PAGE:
Cincinnati knows when we've been outscored. When the Browns beat the Bengals, we feel the pain.

But what about when Columbus designates $1.3 million "” just about 10 percent of the Ohio Third Frontier awards statewide "” to Hamilton and Butler counties while Cuyahoga County alone takes home $4 million?

The Third Frontier funds programs are designed to accelerate the development of the biomedical, medical imaging and sensors industries in Ohio. The programs provide direct financial support to organizations commercializing new products, adapting devices and advancing technology. The goal is to address technical and commercial barriers and get products ready for the market.

Yes, we are excited about the $1 million awarded to AtriCure, Inc., a West Chester medical device company. It's great news for the region and AtriCure.

AtriCure's project, in collaboration with Good Samaritan Hospital, the University of Cincinnati, Battelle and The Ohio State University Medical Center, is designed to adapt a clip used in open heart procedures so it can be used in minimally invasive procedures.

AtriCure, which reported 12 percent growth in the first quarter of 2011 with revenue of $15.6 million, is part of Butler County's "Healthcare Highway," a growing number of medical-related businesses and hospitals taking advantage of the location smack dab between Cincinnati and Dayton.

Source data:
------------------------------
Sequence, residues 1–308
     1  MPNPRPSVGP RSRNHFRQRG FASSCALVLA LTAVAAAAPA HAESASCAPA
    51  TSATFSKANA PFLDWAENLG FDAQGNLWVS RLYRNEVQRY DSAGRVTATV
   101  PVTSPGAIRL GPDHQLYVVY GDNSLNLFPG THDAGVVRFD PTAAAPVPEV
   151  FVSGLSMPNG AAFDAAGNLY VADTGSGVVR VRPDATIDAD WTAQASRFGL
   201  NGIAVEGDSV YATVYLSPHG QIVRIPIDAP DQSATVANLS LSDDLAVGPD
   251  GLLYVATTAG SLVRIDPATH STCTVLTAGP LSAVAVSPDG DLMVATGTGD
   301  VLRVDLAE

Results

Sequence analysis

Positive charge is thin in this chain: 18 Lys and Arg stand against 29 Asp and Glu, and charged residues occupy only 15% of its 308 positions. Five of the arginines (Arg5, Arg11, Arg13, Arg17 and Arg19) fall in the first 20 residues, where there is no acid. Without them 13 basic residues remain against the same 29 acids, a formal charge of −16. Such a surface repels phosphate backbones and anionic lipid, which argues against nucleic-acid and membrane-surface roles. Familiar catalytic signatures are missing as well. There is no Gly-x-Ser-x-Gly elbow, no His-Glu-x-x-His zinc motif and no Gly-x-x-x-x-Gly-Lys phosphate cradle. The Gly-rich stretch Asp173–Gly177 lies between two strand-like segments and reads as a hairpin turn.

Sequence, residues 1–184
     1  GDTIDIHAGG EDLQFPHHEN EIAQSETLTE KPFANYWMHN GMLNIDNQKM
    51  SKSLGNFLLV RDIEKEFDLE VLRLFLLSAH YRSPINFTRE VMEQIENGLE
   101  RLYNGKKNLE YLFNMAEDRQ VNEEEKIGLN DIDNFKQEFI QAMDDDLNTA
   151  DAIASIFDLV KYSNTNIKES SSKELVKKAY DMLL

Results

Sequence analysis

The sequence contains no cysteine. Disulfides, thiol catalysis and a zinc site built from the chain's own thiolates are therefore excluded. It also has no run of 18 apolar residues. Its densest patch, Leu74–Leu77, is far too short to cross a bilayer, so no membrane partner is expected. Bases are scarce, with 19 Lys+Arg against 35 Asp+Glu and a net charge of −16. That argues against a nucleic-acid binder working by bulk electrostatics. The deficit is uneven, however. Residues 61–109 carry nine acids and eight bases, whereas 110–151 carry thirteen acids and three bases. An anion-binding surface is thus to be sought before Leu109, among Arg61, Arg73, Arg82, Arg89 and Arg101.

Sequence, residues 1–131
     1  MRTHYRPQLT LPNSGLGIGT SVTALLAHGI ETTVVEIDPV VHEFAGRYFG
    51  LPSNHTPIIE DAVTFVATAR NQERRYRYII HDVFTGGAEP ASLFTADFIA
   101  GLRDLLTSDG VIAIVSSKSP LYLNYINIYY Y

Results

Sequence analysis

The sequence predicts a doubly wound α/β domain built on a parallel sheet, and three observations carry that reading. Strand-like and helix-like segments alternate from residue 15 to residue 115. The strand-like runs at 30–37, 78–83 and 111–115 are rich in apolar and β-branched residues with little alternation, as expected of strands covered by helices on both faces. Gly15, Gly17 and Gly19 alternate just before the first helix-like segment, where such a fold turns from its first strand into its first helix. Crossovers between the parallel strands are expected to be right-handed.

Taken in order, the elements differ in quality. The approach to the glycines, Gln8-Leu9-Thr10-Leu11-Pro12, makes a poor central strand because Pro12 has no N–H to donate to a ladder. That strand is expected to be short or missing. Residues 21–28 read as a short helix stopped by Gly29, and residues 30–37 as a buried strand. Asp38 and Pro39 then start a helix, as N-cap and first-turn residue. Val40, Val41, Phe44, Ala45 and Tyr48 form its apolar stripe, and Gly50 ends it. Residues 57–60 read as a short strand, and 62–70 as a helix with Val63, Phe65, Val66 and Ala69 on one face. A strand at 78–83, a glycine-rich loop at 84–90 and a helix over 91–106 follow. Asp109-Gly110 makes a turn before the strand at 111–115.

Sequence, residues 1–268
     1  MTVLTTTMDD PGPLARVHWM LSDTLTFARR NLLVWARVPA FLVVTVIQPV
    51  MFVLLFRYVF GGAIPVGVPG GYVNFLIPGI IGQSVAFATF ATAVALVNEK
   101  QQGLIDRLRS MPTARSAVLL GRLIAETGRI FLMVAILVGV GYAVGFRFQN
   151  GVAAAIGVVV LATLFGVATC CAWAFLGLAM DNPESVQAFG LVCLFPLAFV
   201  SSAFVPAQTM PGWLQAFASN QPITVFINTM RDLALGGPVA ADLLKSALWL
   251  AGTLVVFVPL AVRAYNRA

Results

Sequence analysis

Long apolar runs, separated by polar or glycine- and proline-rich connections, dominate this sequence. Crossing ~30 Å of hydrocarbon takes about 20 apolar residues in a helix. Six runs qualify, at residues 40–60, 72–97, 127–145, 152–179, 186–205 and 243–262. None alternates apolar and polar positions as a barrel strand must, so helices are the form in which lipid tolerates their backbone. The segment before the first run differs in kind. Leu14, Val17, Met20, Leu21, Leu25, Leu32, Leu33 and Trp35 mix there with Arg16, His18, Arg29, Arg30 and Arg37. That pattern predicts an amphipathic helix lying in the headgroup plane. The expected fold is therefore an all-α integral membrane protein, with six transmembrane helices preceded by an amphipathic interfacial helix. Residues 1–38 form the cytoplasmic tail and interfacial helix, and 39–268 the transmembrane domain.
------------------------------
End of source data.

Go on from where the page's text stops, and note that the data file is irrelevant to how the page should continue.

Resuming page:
The region also has reason to celebrate the $321,000 award to the Cincinnati USA Regional Chamber for the fiscal year 2012 Third Frontier Internship Program.

The internships will help the region keep and encourage talented and knowledgeable students, while providing quality workers to companies. Companies are partially compensated for wages paid during the internships and "the best and the brightest" get a resumé boost.

The program targets advanced energy, biomedical, instruments, advanced propulsion, electronics and information technology. It will be administered by the regional Chamber.

Good news. But how many of our elected officials really understand the economic development game? Which elected official will stand up and say our region only deserves 10 percent?

We might first need to have representation that know this is a competition, let alone knows the score.